To Submit or Not to Submit? This Should Not Be A Question.

 

Image Courtesy fo Kronos (flickr.com)

Recently, I decided to submit a poem I wrote to a start-up literary magazine by the name of Little Room. It was created by Ohio University Creative Writing student Nathan Boley as one of his senior projects. The idea started as a simple Tumblr page soliciting/accepting submissions that has transformed into a purchasable book on Amazon.

Now, if you think I am mentioning this wonderful endeavor because I am in the book you would be horridly wrong.

Instead, I bring this up because after getting a nice rejection with great feedback – which noted that the poem could be seen in future issues, and that the connections made were interesting but the setting was not – I kind of felt relieved. I have had this poem sitting on my computer for almost a year and it was starting to bother me that its contents remained essentially the same. I wanted to work on it, but I did not really know what needed work. I had changed the structure thrice at this point, and the words had become more and more concrete, but something felt overlooked.

So, after debating if I should send this along to a literary magazine I had found by chance one night after scrolling endlessly on Tumblr, I took the plunge. Submitting a piece you have been working on should never be questioned. It should be as natural and instant as an intake of breath and as necessary and vital as the beating of a heart. These anatomical actions are never questioned – they are constant definites. (Unless you are in a post-mortem phase.) For writers, submitting pieces should be our constants. They should never be variables.

Hesitation, though, is another issue.

This sneaky, pestering anamorphic blob of thought will always be loitering about, but it must be pushed aside. For writing to develop and reach a new level of mental/verbal comprehension, it must be read and critiqued by others. It must feel the tug of fresh eyes, and the interest of unknown entities. The only way for this to happen is to:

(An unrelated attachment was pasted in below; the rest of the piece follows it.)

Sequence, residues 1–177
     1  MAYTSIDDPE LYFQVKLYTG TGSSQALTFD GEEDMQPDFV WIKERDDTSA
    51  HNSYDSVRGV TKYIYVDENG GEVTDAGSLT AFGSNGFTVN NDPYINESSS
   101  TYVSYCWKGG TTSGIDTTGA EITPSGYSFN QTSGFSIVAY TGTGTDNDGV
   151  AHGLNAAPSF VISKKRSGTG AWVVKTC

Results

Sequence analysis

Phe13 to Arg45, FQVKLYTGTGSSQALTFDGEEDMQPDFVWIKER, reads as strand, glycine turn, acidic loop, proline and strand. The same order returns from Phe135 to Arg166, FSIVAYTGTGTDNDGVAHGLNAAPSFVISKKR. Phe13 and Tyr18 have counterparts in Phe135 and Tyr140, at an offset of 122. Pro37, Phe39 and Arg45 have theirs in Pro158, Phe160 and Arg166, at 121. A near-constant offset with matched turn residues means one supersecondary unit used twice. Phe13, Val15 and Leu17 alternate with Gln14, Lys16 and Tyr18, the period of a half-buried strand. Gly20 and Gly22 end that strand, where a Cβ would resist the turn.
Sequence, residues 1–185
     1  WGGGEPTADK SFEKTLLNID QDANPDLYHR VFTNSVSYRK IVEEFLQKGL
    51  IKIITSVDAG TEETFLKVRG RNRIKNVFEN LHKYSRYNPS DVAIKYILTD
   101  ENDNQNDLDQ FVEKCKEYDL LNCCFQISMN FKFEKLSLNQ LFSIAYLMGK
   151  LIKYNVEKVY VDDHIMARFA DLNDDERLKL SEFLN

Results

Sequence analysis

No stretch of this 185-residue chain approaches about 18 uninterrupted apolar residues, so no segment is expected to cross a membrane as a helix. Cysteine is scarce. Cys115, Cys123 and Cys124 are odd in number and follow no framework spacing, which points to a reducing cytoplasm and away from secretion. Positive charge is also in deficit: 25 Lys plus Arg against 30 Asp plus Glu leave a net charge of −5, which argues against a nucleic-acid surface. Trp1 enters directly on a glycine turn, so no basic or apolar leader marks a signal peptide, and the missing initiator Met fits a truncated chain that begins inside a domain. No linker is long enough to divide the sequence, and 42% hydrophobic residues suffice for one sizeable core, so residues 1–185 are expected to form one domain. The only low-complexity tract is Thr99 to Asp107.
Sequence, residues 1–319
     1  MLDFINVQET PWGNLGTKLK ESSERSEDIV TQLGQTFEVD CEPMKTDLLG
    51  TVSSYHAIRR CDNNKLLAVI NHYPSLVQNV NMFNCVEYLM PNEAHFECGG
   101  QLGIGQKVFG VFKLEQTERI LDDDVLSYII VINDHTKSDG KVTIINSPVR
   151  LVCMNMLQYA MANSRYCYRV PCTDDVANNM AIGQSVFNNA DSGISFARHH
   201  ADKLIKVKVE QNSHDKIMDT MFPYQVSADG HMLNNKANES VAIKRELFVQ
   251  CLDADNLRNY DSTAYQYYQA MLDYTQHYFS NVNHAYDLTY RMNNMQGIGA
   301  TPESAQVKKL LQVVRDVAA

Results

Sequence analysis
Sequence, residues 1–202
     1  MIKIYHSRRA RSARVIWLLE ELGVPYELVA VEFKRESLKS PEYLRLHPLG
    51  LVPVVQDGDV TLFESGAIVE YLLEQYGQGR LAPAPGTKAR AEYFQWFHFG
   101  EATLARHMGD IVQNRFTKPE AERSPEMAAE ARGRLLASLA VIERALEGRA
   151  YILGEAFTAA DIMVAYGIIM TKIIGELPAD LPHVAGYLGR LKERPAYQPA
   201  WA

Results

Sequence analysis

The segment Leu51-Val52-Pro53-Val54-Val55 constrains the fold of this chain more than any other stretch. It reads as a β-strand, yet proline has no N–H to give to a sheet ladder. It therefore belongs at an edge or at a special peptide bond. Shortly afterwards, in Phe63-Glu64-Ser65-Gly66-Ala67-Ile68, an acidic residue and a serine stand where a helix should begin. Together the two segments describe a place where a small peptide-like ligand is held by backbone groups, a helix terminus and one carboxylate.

• Join or form a writing critique group.
    • Submit to literary journals/magazines.
    • Post the material on your blog/personal online page. Solicit comments.
    • Take a creative writing course online/in school.
    • Show your work to friends/family.

I had done suggestions two and four for some time but stopped after finishing college because the literary world beyond my wooden desk seemed too unkind and too unpredictable. In other words, Hesitation was becoming less distorted and more tangible. It became a He. The only way I felt He could be stopped was by submitting my unpolished poem.

Post facto, I see what the poem needs work on and what can be left alone. I can acknowledge that it has potential, but it has not reached it yet. These are not disappointing thoughts, but rather tiny nudges that push me forward every day as a writer. They are what keeps a writer replenished and alive.

In summation, I hope during this upcoming winter break YARN readers take Hesitation by his blurry coattails (Yes, he is a dapper gentleman – upon first sight.) and leave him out in the cold.

Lourdes Keochgerien, YA Consultant & ReaderDFTBA

Post Scriptum

For those curious cats out there, I share the poem I submitted for your commenting pleasure.

 

 

The Red Book*

She browsed the shelves looking for an escape of any kind.
She was sick, tired, annoyed
with the limited selection of non-fiction.
It was always depressing
and real
and unchangeable.
The fiction was much more welcoming.

She plucked one book after another
from their places of rest
but nothing caught
her eye – until The Red Book.
Its cover was vacant.
Its spine was without representation.

All she saw was red.

She tucked the book into her
beaten and bruised messenger bag.
And walked away from everything.

At first, she avoided opening it.
The thing seemed possessed
but something overpowered
the fear,
the caution,
the anxiety.

She opened the cover.

Everywhere she went The Red Book would be in her hands.
She stopped eating, sleeping, talking.
All she did was read.
Others would peer over her shoulder to see
what
was so interesting
but all they saw were
white
empty
pages.

She no longer heard the head-numbing
arguments ricocheting around her.

The comments about her
lack of personality,
lack of confidence,
lack of ability.
All she heard, saw, touched
laid in her hands.

People gave up on her after some time. They never
questioned the existence of the book. All they
wondered was when she would waste away.

After a time the book ended and she ended.
Her eyes were bloodshot and the book was
newer than ever before.

* I was inspired to write this poem after seeing the 1948 film The Red Shoes, which is loosely based on the Hans Christian Anderson fairy tale of the same name.

 

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